If any of the following symptoms arise due to sore throat, visit your doctor immediately:

  • A fever above 101 F
  • Breathing difficulties through the mouth
  • Difficulties while swallowing—preventing you from taking adequate nutrition and fluids
  • Loud breathing
  • Throat pain that lasts for more than 2 weeks
  • Excessive drooling

Treatment

Bear in mind that viral infections will not respond to antibiotics, therefore, making it highly ineffective. Antibiotics will only work in the case of strep throat which is caused by a bacterial infection. Therefore, treatment depends mainly on alleviating the symptoms and making the victim feel more comfortable:

  • Drink lots of fluids. This will prevent dehydration and make you feel better. Therefore, drink plenty of warm fluids such as tea, soup and also have cool fluids such as soft ice cream and water—to relieve your throat pain.
  • Get plenty of rest. The more you rest, the more your body will be able to respond to the infection and act against it.
  • Gargle with warm salt water. This will reduce the pain.
  • Over the counter pain killers such as ibuprofen and acetaminophen will alleviate throat pain. Do NOT give aspirin to children under 2 years of age.
  • Antihistamines also alleviate some symptoms of sore throat.
  • You can sue a humid vaporizer to reduce congestion while resting.
  • Taking vitamin C supplements can reduce the duration of the condition.

Additional Information

Rarely do sore throats result in the need of immediate first aid or CPR, however, with serious breathing emergencies such as asthma, anaphylaxis or chooking the skills learned in credible first aid and CPR training are applicable.

Related Video to Sore Throats

http://www.youtube.com/watch?v=YUnTYAaYuXY

External Bleeding: How You Can Help

First Aid Kits at Saskatoon First Aid
Having a first aid kit can definitely help with any major or minor bleeding emergencies.

Many people are afraid to help someone who is bleeding heavily. Some are simply afraid of blood while many have no knowledge about the first aid for external bleeding. While it is reassuring to know that many adults actually donate blood and lose a pint of blood with no serious effects, prolonged bleeding and severe loss of blood can lead to shock, which is a dangerous medical condition. You can help prevent shock and its complications by providing immediate first aid. To learn the skills to manage victims of external bleeding enrol into emergency first aid.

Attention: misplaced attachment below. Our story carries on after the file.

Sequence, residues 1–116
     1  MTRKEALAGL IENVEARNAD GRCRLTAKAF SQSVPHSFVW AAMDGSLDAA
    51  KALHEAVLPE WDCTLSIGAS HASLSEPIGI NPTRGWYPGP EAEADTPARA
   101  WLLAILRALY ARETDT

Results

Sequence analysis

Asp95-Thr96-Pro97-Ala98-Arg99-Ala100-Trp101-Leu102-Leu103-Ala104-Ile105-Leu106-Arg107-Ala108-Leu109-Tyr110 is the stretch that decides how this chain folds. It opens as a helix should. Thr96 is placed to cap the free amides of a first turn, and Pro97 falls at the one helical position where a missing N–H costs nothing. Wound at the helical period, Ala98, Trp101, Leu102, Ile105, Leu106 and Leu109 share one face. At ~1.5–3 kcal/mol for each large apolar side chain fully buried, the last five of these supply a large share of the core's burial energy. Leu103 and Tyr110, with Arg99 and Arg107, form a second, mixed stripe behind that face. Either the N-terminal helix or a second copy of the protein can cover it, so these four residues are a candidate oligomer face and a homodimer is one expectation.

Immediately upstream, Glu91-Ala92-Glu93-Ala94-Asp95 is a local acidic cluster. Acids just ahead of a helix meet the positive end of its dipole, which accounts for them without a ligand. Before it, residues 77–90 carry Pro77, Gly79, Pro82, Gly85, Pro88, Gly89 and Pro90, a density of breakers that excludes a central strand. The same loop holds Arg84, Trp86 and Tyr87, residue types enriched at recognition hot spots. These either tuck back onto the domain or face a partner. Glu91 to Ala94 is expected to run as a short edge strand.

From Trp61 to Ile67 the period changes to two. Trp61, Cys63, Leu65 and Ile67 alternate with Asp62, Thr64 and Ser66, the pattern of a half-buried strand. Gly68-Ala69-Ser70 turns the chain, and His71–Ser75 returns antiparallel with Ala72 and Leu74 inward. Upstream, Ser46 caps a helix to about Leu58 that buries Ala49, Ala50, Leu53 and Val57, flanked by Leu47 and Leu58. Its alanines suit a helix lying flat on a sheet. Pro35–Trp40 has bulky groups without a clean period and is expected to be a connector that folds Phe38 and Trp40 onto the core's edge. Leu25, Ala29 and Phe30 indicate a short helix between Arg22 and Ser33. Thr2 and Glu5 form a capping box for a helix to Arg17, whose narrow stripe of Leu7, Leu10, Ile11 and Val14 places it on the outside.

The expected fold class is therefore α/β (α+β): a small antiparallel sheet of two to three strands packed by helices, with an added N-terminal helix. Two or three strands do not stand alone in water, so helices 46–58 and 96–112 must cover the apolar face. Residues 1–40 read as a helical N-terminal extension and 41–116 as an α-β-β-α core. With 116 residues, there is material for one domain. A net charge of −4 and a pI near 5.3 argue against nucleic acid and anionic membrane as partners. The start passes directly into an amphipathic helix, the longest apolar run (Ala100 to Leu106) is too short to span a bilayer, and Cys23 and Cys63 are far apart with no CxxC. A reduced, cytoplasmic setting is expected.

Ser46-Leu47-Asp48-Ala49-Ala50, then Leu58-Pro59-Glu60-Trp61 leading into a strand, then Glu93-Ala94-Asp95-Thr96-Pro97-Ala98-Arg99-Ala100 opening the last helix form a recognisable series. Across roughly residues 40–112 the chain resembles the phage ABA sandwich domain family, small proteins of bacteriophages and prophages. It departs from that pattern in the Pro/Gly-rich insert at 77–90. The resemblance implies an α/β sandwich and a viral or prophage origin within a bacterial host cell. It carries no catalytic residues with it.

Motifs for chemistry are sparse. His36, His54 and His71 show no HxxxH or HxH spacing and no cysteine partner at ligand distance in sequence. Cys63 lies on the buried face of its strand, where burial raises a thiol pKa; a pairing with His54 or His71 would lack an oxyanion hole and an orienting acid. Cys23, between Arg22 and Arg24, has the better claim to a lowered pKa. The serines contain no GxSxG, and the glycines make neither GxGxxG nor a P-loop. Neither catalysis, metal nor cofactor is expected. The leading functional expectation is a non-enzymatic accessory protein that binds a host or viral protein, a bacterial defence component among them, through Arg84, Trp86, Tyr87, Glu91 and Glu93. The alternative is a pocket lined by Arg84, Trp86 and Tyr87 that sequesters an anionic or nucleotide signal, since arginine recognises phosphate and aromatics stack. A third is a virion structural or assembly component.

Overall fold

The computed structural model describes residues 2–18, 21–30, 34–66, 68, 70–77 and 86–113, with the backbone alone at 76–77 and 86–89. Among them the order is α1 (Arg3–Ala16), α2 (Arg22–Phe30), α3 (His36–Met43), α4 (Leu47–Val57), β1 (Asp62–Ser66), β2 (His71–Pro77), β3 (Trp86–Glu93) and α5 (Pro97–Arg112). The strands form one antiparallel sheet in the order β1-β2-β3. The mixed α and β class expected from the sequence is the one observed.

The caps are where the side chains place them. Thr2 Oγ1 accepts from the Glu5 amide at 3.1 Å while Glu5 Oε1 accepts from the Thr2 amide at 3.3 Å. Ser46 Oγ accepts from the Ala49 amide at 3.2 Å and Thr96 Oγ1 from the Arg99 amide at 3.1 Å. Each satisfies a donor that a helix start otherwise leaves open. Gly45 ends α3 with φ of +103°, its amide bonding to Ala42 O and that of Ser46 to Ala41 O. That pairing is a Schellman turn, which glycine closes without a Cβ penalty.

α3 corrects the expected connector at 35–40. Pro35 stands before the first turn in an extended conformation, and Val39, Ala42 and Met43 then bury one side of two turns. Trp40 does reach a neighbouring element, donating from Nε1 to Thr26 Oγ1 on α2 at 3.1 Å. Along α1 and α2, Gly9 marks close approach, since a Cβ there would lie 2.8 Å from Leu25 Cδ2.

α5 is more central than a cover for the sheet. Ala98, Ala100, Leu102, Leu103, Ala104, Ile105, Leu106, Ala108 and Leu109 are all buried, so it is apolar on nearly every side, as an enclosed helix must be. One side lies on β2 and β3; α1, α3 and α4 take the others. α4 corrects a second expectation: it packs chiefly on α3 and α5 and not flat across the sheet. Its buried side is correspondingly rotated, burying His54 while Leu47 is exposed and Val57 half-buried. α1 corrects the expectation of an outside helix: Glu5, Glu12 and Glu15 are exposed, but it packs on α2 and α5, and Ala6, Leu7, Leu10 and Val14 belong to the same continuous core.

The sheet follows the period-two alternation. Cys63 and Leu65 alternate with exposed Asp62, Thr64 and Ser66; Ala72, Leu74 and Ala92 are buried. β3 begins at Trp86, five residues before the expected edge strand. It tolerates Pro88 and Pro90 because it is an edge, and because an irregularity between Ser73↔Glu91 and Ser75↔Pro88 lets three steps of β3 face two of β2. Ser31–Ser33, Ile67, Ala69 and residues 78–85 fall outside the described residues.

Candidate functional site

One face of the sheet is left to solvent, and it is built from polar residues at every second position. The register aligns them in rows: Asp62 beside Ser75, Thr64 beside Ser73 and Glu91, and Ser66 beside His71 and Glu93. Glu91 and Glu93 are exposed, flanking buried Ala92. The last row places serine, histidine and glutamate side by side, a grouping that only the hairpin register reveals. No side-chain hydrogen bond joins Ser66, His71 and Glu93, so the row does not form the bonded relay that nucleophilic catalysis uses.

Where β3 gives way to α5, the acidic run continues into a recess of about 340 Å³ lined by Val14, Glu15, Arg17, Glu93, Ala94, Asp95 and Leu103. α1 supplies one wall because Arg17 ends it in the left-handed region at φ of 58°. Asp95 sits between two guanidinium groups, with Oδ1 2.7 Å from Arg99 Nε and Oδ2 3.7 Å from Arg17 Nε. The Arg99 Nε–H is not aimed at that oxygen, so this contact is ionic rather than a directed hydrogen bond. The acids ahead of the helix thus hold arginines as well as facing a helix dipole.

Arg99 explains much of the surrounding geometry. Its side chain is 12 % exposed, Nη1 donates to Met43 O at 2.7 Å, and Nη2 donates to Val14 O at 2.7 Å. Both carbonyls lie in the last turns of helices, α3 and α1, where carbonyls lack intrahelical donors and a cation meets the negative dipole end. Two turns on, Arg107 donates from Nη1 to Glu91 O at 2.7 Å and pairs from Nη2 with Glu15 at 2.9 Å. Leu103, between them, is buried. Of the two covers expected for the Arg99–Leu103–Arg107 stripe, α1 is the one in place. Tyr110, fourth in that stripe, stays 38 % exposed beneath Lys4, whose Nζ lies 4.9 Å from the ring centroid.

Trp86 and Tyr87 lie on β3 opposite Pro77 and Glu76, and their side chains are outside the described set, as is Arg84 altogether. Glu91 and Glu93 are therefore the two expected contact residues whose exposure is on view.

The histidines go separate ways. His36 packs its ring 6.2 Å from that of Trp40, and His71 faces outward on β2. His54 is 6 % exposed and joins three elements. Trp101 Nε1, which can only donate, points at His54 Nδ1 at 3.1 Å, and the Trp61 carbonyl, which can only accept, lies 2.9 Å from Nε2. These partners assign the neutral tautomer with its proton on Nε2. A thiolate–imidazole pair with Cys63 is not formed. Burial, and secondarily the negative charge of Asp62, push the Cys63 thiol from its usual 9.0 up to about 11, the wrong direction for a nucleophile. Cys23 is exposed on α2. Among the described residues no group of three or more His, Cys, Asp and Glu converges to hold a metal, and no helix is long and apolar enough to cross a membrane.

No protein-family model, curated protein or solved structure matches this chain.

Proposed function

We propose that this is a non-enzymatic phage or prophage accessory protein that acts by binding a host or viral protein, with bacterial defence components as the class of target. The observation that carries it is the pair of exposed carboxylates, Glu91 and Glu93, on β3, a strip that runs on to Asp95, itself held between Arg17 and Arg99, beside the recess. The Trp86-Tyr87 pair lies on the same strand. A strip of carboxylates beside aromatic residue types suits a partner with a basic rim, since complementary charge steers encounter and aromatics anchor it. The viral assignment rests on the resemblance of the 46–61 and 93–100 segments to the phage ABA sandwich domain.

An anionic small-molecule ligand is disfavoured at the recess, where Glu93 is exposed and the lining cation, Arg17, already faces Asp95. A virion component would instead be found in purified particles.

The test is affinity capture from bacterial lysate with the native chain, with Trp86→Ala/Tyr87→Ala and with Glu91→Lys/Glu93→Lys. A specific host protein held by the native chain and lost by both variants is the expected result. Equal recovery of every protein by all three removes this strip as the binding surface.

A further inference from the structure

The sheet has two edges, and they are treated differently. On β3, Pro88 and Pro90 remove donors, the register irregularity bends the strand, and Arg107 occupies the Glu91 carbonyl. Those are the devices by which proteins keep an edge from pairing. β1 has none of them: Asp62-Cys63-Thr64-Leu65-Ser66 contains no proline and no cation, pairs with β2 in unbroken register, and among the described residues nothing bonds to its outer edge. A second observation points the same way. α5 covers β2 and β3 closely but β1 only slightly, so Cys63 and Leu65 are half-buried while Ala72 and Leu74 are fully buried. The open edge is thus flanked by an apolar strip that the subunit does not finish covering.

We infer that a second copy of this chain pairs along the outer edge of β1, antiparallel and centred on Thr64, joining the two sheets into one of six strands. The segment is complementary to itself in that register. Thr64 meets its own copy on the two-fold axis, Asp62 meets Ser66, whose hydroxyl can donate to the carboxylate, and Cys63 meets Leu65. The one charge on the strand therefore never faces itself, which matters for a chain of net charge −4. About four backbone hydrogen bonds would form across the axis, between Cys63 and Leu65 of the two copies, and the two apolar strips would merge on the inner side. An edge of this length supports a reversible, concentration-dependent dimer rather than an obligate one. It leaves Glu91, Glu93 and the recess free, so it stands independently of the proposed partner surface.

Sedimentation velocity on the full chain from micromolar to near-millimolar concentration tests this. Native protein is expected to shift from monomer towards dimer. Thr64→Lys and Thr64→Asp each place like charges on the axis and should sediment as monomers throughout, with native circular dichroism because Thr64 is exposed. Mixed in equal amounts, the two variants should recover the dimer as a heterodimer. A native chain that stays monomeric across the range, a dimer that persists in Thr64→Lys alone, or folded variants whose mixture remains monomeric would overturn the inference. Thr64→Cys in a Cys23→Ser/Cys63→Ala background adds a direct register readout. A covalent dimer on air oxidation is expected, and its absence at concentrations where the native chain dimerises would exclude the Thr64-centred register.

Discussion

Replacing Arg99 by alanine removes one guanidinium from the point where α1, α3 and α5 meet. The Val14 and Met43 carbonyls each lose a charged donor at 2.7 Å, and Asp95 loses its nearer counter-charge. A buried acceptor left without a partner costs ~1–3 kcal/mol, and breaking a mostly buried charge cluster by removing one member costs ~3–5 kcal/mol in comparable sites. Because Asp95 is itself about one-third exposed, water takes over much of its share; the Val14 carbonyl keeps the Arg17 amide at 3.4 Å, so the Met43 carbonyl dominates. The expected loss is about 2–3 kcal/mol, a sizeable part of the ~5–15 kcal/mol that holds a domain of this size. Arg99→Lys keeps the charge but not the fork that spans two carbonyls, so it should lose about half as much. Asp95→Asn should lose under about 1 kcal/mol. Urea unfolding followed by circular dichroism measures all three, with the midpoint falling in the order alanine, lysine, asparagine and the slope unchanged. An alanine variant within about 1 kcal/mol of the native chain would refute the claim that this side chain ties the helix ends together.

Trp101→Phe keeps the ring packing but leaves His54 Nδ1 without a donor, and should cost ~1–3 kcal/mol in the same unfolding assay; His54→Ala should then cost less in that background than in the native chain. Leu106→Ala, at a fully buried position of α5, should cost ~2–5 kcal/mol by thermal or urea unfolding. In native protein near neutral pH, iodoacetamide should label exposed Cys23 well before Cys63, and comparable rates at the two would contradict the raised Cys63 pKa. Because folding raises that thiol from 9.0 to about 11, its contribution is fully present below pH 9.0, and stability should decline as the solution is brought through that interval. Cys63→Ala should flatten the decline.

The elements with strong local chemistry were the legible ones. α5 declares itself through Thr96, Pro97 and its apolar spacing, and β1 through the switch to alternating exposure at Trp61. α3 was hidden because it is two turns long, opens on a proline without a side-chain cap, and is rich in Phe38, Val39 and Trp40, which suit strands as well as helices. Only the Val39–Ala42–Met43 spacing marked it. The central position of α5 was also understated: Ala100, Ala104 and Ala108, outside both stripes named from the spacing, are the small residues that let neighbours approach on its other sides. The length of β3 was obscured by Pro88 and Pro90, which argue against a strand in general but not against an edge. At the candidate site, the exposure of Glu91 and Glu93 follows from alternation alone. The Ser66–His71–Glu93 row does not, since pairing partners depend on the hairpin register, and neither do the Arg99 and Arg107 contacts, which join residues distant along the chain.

First Aid Treatment for External Bleeding

First aid treatment for external bleeding can be summarized as Look, Apply and Elevate.

  • LOOK

Check the affected site to assess the severity of the injury/wound. Check if there is any foreign body or debris that has lodged in the wound.

  • APPLY

Apply direct pressure over the wound or injured site. Place a piece of clean cloth or sterile dressing over the wound (or whatever clean sheet is available), and then apply direct pressure. If the victim is conscious and is able, encourage him to press on the wound. If the victim is unconscious or not capable, you can provide direct pressure.

Direct pressure over the wound encourages the blood to clot and prevent further bleeding and loss of blood. Ideally, the sterile dressing or clean cloth should be held firmly in place using bandage (triangular bandage or non-adhesive bandage). You can make use of improvised bandage from whatever you have handy, such as a tie, cloth, scarf and so on.

  • ELEVATE

Elevate the injured site. If the wound is located in the arms or legs, raise the affected area above the level of the heart. Gravity pulls the blood reducing blood flow to the wound and loss of blood.

If the victim has lost a significant amount of blood, he is most likely to experience shock. Be ready to provide appropriate first aid for shock. Never leave the victim alone and keep him warm. Provide reassurance continuously.

Personal Safety and Protection